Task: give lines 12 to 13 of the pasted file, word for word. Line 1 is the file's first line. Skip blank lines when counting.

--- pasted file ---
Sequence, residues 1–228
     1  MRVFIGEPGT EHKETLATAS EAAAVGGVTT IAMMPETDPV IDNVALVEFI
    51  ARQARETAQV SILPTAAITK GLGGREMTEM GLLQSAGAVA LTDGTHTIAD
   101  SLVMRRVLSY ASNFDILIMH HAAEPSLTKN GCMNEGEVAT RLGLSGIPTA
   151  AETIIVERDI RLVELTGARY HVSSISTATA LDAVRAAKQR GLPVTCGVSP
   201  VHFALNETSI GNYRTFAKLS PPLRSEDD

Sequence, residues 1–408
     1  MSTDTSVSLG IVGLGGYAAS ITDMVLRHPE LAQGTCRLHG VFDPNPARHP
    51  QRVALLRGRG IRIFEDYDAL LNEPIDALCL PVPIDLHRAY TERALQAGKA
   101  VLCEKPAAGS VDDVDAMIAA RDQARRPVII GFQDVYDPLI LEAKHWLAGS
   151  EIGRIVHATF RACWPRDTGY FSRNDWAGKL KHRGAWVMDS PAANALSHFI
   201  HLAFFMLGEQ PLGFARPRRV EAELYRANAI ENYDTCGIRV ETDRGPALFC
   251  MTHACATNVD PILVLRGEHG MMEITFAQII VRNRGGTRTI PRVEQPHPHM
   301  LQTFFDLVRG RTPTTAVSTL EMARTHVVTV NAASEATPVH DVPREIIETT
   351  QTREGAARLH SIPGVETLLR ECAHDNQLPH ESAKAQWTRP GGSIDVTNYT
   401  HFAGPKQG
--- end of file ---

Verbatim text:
   201  HLAFFMLGEQ PLGFARPRRV EAELYRANAI ENYDTCGIRV ETDRGPALFC
   251  MTHACATNVD PILVLRGEHG MMEITFAQII VRNRGGTRTI PRVEQPHPHM